Have you ever thought about traveling with your one year old….to Italy? While the thought of packing up and hitting the road seems like an easy enough plan, so much goes into getting it just right. In all reality our kids need a pair of clothes, shoes some diapers and food…but in real reality they need everything from distractions, new foods, comfort foods, nursing, being carried, walking on their own, being pushed, loud places, quiet times, etc. You know how it goes; nonetheless Chelsea describes her trip beautifully and makes it sound like a possibility, if you’re up for it!
“Open-minded, worldly, bilingual. These are all words we hoped would describe our child (and someday, children) as a result of traveling with them from a young age. My husband and I met traveling, and are both happiest when we are exploring new cultures. So, when the opportunity presented itself to travel to Italy for my brother-in-law’s Tuscan wedding, we pounced. By pounced, I mean we spent MONTHS researching travel cribs (Guava Family’s Lotus!), and I practiced packing a family of 3 in one small rollerboard after my son went to bed. This may not seem like a herculean feat, but I assure you it was, as this rollerboard included 20 pouches, 20 diapers, the monitor system, and a package of wipes. We stocked up on new ultra-compact toys (hello, neon travel Aquadoodle and Rubik’s cube), and never-before-seen snacks (i.e. teriyaki-flavored dried seaweed and organic juice lollipops) for our then 16 month old. We even prolonged weaning for this adventure, because I didn’t want to brave the accent and decent without breastfeeding in my arsenal. He’s now 18 months old and nursing still… just in case…?
The day we left home, we had a densely-packed diaper backpack, the rollerboard (each item within having undergone committee-style scrutiny), a garment bag with all of the wedding attire (which we promptly forgot in our coat closet and left behind, because we were bickering about whether to bring a stroller), and the Ergo 360. The 40 minute car ride, 4 hour flight, 3 hour layover, 9 hour flight, and 2 hour train and taxi rides on the way to the wedding destination all went reasonably well. Admittedly, we were all exhausted, but little dude did a fair amount of sleeping along the way. In Cortona, a small Etruscan hilltop town in the province of Arezzo, we lounged about and ate fantastic food with family while gearing-up for the wedding. We scrapped our plans to do day trips to Montepulciano and Chianti in favor of walks through town and long naps. We ate at Snoopy’s Gelato every day. Aside from the missing tuxedos and gown, Cortona and the wedding were a breeze.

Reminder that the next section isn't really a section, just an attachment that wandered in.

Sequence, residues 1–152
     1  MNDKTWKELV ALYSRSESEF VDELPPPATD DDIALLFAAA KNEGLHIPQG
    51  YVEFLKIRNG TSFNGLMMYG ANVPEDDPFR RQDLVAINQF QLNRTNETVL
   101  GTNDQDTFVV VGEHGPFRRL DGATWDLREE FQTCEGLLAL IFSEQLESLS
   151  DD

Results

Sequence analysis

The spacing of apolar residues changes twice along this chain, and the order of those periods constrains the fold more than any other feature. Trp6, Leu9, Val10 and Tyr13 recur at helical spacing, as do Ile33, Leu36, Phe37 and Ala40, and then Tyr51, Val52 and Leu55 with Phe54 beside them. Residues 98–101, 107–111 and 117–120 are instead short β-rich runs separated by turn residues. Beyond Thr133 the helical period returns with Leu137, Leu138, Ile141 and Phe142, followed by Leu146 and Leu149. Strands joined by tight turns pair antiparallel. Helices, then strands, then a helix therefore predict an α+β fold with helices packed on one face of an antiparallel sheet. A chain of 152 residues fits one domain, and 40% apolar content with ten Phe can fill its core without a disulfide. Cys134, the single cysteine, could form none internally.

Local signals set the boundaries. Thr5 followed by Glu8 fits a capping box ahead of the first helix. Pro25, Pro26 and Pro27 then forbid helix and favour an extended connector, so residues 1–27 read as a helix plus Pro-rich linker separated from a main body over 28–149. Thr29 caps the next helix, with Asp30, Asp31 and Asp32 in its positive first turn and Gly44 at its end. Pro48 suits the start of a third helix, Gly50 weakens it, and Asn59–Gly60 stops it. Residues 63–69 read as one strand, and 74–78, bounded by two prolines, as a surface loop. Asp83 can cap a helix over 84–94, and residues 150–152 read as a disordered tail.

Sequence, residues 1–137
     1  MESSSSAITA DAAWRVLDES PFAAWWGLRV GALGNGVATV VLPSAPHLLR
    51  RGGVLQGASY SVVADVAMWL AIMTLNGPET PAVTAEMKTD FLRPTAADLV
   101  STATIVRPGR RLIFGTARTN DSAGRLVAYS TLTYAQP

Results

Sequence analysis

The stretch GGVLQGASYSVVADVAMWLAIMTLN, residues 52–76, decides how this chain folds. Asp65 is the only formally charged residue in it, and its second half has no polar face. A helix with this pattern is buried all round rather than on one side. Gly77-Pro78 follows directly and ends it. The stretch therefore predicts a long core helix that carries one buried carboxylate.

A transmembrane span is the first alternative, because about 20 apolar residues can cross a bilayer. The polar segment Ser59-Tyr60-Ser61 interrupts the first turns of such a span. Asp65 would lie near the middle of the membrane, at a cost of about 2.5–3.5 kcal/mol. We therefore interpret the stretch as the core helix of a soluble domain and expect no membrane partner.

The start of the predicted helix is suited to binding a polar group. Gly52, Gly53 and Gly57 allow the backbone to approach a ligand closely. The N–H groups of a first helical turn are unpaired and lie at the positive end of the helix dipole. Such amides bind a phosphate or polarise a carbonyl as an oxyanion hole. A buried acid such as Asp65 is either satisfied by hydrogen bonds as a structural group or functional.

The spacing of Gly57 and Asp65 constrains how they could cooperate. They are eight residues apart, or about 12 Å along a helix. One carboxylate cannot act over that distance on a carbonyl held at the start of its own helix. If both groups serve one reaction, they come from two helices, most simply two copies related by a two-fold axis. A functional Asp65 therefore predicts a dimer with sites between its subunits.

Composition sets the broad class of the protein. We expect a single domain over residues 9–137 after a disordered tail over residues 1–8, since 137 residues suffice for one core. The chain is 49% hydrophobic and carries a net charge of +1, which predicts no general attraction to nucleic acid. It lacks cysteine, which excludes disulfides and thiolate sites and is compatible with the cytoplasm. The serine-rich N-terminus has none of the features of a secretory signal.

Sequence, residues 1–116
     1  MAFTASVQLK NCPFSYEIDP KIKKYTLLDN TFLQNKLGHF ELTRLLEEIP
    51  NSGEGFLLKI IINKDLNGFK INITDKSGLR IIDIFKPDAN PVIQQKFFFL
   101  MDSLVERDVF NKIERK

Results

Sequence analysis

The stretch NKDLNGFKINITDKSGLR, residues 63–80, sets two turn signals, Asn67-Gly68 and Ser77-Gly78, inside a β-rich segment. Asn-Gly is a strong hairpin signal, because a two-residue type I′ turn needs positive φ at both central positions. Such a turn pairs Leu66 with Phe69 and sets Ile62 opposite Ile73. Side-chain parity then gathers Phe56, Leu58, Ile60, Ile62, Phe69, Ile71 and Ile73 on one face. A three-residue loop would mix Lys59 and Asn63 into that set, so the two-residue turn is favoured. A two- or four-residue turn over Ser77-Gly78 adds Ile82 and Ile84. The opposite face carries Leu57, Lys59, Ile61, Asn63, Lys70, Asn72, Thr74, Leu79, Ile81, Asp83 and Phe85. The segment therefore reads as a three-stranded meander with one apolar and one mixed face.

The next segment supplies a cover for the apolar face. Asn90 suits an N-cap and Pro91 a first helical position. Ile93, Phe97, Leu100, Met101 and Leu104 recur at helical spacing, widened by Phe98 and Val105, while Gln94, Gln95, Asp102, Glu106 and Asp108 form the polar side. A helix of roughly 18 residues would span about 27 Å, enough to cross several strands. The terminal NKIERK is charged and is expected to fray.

After the wedding we headed due south, through Rome, Naples, and on to Sorrento. We stayed 1 night in Sorrento, before conquering Capri and the Grotta Azzurra. The Blue Grotto was not a smart decision with a toddler, as strangers had to hand him out of a ferry, over turbulent ocean, into a rowboat without a lifejacket. I get nauseous now just thinking about all of the ways that could have gone horribly wrong. You bob around in the rowboat waiting for your turn to hit the deck (literally), so that the rower can hoist your rowboat through a small opening between the water and rock face using a heavy metal chain. If my husband asks, it was totally worth it. *shakes head in the absolute negative.
It was all ferries, from Capri to Amalfi, from Amalfi to Positano. We ran out of pouches by Cortona, and they proved impossible to find, so toddler boy was eating soft pasta and other manageable foods. He was, however, not thrilled about it at first. His semi-hunger protest came to a head when we started for home. The ferries, taxis, buses, trains, planes and endless waiting were increasingly difficult for him. The nearly 10 hour flight state-side was chaos (scratching, biting, screaming, vomiting, the works). But, we survived it, and the 5 hour layover and 4 hour flight home that followed. It sounds strange to say you survived a trip to Italy… whatadouche, right? Traveling internationally with a toddler can be a crucible. But, also with a toddler… every line, every interaction with a new person, and every meal visibly changed him. Our son came back knowing the word ciaccolato, and was responding to bello like it was his name. The journey also changed us. Like with most aspects of life, alterations are necessary once children are part of the equation. Backpacking might be out for a few years. We learned to do something we love, well, as a family. And now we will show no (or less) fear at the thought of going abroad again. Viva l’Italia!”